A.S. President Launches Transportation Campaign

Photo by Ji Kim/Guardian
Photo by Ji Kim/Guardian

Photo by Ji Kim/Guardian
Photo by Ji Kim/Guardian

Called “Keep it Moving, We Decide, Let’s Ride,” the initiative aims to inform students about ongoing transportation changes and solicit students’ involvement.

A.S. Council launched a new campaign to solicit more student involvement in resolving the transportation crisis at a special meeting Wednesday evening. The campaign, called “Keep it Moving, We Decide, Let’s Ride,” aims at informing students in hopes of receiving as much student input as possible to instate a democratic decision-making process for transportation services.

Transportation and Parking Services says it has experienced a $2.2 million deficit since the introduction of the free UCSD Bus Zone program in 2006. Students do not pay for bus or shuttle services, but TPS is charged $1.16 for each student that rides the MTS buses. Because revenue only comes from parking permits, parking citations and parking meters, both council and administration have searched for ways to increase revenue.

At Wednesday’s meeting, council heard suggestions from the Transportation Task Force, including the possibility of consolidating Arriba and Nobel into a single route and reducing Campus Loop to run in only one direction. The administration proposed to charge $10 per month for free Bus Zone stickers and a 10- to  15-percent parking rate increase. Council has taken many steps to make UCSD a more bike-friendly campus, an issue that is relevant to many students. Projects that are en route to being actualized include painting bike lanes as well as creating bypasses on Library Walk and on unsafe hills, like Peterson Hill. Proposed projects for the future are bike parking, a bike “cleanse” that would rid campus of old, abandoned bikes to make way for new bikes, theft prevention, locked bike storage and bike sharing.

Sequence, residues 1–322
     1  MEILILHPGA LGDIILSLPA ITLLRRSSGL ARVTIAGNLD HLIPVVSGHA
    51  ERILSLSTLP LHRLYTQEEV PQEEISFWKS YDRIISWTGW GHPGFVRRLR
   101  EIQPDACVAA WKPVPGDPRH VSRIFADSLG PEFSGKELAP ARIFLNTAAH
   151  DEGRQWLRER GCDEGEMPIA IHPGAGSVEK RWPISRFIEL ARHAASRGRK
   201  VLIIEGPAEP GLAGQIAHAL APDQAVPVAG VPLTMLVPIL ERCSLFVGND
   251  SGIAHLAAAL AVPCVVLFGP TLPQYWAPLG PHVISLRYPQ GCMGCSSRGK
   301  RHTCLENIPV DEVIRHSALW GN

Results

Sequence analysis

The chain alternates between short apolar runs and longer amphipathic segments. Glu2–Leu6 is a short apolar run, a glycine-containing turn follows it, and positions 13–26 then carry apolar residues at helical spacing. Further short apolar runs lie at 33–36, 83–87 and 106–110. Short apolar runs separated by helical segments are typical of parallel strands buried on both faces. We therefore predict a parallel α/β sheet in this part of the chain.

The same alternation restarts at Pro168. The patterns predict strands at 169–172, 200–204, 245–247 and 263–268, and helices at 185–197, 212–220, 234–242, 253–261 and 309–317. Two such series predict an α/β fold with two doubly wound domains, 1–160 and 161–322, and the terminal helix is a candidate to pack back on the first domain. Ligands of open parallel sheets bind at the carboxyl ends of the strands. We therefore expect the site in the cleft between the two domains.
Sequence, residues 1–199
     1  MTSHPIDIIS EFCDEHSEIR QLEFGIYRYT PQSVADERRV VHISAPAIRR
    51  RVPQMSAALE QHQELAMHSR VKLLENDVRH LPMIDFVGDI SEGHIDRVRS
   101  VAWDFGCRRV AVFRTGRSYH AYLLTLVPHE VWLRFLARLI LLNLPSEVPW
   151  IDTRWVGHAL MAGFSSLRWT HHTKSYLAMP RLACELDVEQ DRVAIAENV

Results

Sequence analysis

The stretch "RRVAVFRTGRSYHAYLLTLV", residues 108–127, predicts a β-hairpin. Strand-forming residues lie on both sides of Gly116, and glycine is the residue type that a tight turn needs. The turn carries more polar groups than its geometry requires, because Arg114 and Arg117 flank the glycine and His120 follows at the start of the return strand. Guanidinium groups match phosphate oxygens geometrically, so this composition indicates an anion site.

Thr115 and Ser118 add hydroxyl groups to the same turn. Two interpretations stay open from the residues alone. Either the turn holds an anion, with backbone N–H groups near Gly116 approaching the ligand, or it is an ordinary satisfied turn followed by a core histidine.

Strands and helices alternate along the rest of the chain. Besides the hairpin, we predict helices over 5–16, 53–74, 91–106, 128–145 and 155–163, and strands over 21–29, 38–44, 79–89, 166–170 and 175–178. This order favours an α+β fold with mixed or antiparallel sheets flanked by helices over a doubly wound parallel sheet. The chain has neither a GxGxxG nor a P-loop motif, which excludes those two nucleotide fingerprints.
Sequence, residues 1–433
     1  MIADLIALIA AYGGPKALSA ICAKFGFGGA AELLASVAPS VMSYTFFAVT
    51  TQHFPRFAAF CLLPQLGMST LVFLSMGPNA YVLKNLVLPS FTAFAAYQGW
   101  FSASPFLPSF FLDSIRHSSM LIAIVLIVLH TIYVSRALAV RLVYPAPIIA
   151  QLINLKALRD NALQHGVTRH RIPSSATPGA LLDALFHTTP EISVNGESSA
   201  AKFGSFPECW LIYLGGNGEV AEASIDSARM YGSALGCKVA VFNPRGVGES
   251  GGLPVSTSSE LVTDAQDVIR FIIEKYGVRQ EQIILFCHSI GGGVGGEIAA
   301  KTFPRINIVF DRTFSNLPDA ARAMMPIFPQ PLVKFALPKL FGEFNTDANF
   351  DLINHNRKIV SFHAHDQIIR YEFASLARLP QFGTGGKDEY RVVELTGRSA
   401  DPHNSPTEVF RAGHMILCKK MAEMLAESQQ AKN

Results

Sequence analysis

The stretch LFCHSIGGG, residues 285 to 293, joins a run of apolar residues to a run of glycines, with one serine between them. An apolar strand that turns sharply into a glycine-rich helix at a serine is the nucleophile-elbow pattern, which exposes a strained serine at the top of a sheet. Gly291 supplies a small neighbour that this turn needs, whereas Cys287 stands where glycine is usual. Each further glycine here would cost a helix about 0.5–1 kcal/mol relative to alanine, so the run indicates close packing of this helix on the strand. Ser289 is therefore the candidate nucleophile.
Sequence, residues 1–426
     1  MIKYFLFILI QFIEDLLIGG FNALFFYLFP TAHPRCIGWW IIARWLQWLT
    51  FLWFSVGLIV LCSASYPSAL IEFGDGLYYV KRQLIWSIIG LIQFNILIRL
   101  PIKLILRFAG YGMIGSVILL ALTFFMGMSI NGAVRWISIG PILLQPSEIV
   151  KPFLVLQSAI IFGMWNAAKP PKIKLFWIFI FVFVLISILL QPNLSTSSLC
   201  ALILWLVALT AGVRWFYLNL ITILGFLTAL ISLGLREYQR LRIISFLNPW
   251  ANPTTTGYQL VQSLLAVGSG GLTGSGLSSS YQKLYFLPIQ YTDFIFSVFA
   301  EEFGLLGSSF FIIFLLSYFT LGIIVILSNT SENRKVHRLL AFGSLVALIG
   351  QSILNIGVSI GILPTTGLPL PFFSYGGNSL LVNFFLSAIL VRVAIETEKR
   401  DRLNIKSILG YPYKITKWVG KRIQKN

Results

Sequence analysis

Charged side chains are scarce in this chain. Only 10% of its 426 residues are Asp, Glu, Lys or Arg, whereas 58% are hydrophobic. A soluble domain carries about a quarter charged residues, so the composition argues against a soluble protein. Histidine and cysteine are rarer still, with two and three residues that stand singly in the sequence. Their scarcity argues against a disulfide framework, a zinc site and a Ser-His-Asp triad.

“We identified the problems with students, met with admin, were in agreement and made a lot of progress,” Director of Urban Development and Transportation Kyle Heiskala said. “If this project were to be implemented, it would be the best thing to happen to bikes at UCSD so far.”

Another new introduction at the meeting was ASUCSD Moves, a proposed new commission to be voted on next week that would work with the transportation advisory board. The commission would aim to give students the power to influence decisions made by TPS.

“The other big issue that we, as undergrads, have had [is] that the decision-making process to get us where we’re at, so far, has not been a democratic one,” Revelle Senator Soren Nelson said. “Because we don’t pay fees into the system as a student body, we don’t have a role, and that’s something we need to change.”

As a part of the push for student input, council launched a survey to better understand which transportation issues are important to students. In distributing the survey, council intends to address these salient issues with TPS to better serve students and the community. Robert Holden, Director of Auxiliary Business Services, which oversees Transportation and Parking Services, also values open discussion with the community.

“We have reached out to students, student groups and student government, and we continue to welcome ongoing input from students,” Holden said. “We are looking at viable solutions. Changes to the program are necessary, whether they are service reductions or changes to the way programs are paid for.”

Correction: An earlier version of this article referred to the transportation campaign as “Keep it Moving, We Decide, Let’s Rise.” The actual name of the campaign is “Keep it Moving, We Decide, Let’s Ride.”

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